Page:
That seems like a question that might be worth giving some thought to.

Tuesday, March 07, 2017

Dear GOP: To Repeal Is To Replace; to Replace Without Repealing Is To Suck

When it comes to the question of what to do about ObamaCare, there once seemed to be clarity on 'The Right': Repeal it. That was soon, slowly, altered to Repeal and Replace it. Why?

Andrew Breitbart once made a remark along the lines of,
'If you can't sell Freedom and Liberty, you suck.'
Dear GOP: You suck.
(And yes, I understand that there's a mirror out there waiting for me)
I am forced to say that, because, if you do understand Liberty, Individual Rights, the Constitutional Rule of Law, then you'd also understand that "Full Repeal", IS to replace ObamaCare with the most superior option available: being at liberty to find the services, care, associations, charities, to be offered and chosen, in a free market.

There IS no better option available than that. There is no more moral system available, there is no more inclusive system available, and there is no more efficient system available. To give 'careful consideration' to all other available options, is to not understand the best available option!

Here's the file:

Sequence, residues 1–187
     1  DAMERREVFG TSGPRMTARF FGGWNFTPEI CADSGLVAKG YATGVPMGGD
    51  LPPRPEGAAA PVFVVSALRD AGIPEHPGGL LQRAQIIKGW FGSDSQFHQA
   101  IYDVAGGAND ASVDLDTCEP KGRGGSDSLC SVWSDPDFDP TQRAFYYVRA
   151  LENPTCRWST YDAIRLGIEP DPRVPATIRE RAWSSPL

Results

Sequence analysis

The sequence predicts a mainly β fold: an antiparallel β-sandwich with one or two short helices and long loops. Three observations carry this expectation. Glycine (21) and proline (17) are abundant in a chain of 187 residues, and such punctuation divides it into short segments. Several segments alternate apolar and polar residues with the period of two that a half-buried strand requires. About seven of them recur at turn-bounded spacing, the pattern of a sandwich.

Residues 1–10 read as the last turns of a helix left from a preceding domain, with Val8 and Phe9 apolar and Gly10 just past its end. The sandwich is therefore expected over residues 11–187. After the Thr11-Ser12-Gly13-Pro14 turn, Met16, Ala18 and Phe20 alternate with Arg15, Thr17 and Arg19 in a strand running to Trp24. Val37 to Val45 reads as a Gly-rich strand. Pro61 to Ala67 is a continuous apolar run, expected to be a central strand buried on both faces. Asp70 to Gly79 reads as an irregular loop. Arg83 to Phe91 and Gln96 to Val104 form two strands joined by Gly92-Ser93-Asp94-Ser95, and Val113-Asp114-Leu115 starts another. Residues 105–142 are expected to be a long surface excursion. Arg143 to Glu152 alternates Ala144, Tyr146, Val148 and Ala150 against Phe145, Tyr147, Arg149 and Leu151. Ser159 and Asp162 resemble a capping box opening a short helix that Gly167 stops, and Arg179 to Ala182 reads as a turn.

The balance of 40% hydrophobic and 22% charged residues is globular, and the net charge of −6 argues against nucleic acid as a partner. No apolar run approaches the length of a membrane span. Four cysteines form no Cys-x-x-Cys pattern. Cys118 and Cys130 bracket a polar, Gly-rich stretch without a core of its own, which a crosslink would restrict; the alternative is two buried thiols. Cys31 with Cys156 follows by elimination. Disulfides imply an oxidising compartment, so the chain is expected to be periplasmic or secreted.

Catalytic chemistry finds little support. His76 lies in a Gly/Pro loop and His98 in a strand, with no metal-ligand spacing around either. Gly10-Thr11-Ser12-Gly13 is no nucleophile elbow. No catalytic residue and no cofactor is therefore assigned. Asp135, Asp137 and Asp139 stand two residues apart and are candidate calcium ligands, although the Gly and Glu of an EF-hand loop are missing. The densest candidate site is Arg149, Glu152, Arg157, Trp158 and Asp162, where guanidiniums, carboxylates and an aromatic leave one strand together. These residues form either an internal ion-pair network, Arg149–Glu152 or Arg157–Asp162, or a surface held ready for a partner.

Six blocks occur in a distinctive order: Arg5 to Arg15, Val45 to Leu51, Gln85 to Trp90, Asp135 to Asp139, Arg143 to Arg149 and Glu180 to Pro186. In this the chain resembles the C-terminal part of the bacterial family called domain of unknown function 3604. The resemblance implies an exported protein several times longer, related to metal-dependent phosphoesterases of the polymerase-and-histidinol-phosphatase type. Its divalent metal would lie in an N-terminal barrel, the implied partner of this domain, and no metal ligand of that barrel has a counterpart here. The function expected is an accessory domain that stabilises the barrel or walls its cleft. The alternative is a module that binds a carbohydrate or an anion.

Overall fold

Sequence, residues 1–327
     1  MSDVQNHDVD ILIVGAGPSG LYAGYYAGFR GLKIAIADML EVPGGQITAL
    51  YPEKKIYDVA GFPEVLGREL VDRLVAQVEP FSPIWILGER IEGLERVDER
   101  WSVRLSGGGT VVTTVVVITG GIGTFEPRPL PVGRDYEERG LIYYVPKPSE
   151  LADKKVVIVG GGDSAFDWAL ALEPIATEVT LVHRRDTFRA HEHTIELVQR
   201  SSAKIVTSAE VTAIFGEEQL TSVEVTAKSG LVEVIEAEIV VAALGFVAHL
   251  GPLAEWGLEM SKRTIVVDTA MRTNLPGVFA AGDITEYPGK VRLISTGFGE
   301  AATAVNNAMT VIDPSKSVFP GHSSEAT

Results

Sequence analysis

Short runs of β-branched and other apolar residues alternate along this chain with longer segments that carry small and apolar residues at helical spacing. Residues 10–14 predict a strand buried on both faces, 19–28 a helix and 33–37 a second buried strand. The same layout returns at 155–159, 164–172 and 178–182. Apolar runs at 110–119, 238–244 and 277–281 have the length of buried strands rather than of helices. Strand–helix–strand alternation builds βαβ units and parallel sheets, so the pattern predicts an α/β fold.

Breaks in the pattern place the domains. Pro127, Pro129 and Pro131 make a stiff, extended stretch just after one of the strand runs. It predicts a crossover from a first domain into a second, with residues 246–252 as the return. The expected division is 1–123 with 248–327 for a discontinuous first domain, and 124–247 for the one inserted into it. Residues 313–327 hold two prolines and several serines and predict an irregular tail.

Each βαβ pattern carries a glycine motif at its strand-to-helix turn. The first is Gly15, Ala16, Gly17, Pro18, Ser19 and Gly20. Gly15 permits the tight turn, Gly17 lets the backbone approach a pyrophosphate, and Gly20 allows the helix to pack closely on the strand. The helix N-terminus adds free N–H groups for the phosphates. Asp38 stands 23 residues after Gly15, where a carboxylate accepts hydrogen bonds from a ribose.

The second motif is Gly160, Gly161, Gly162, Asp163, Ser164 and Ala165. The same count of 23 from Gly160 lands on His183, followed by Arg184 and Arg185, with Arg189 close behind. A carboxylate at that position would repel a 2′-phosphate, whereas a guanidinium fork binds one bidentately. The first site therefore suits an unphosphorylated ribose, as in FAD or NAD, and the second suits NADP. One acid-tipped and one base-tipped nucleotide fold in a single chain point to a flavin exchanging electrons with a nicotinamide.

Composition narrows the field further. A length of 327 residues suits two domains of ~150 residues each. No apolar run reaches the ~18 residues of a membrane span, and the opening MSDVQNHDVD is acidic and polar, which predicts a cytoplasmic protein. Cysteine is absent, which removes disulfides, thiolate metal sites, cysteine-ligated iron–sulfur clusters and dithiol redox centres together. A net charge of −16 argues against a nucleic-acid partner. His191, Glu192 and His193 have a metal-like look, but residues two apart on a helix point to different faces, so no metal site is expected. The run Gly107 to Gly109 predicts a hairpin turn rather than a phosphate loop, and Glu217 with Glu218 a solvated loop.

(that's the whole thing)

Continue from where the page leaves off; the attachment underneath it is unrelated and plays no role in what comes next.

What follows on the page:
The blatantly obvious, and supremely depressing fact is, that 'The Right' in general, and the GOP in particular, do not fully understand this, and so they have little enthusiasm or commitment to, capital "L" Liberty. Sure they like the sound of it, it has marketing utility for them, but they do not 'get' it, and so they can't sell it, and worse, Americans as a whole are obviously not clamoring for it, or the politicians would at least put more effort into faking it.

To recap: Repealing ObamaCare IS replacing it with a vastly superior option - the Liberty to act in a Free Market - and going any further with tweaking regulations, adding laws, manipulating taxation, forcing options and 'choices' upon patients, doctors, insurers and other providers, is restoring all of the essential evils that was, and is, inherent in Obamacare.

Worse than simply sucking at selling Freedom and Liberty, is not even trying to. Despicable.